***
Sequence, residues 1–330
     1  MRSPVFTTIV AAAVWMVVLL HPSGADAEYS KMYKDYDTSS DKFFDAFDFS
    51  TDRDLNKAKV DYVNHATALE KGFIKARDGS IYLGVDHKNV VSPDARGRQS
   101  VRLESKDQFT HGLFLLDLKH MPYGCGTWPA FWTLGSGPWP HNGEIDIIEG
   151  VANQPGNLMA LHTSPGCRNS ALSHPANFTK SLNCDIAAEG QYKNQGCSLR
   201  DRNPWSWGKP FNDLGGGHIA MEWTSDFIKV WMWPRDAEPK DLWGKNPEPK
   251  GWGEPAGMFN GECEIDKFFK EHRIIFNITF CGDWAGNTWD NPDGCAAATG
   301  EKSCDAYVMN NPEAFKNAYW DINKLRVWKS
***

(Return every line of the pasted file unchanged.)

Sequence, residues 1–330
     1  MRSPVFTTIV AAAVWMVVLL HPSGADAEYS KMYKDYDTSS DKFFDAFDFS
    51  TDRDLNKAKV DYVNHATALE KGFIKARDGS IYLGVDHKNV VSPDARGRQS
   101  VRLESKDQFT HGLFLLDLKH MPYGCGTWPA FWTLGSGPWP HNGEIDIIEG
   151  VANQPGNLMA LHTSPGCRNS ALSHPANFTK SLNCDIAAEG QYKNQGCSLR
   201  DRNPWSWGKP FNDLGGGHIA MEWTSDFIKV WMWPRDAEPK DLWGKNPEPK
   251  GWGEPAGMFN GECEIDKFFK EHRIIFNITF CGDWAGNTWD NPDGCAAATG
   301  EKSCDAYVMN NPEAFKNAYW DINKLRVWKS